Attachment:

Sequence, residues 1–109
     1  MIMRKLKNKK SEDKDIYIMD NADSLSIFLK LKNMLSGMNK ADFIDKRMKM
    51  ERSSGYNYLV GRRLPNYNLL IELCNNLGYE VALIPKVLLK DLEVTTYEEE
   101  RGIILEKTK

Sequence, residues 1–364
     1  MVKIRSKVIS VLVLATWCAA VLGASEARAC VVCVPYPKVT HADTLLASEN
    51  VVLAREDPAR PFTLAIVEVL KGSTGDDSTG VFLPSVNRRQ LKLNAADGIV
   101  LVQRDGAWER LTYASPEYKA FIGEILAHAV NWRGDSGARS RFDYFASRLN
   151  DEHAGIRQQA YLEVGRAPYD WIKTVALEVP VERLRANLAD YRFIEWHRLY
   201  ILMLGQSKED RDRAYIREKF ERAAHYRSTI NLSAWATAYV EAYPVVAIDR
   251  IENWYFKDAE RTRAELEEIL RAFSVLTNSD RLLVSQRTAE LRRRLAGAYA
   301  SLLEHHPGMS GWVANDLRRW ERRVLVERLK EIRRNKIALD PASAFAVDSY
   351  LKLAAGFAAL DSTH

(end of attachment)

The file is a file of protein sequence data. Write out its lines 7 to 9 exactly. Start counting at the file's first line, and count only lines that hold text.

    51  VVLAREDPAR PFTLAIVEVL KGSTGDDSTG VFLPSVNRRQ LKLNAADGIV
   101  LVQRDGAWER LTYASPEYKA FIGEILAHAV NWRGDSGARS RFDYFASRLN
   151  DEHAGIRQQA YLEVGRAPYD WIKTVALEVP VERLRANLAD YRFIEWHRLY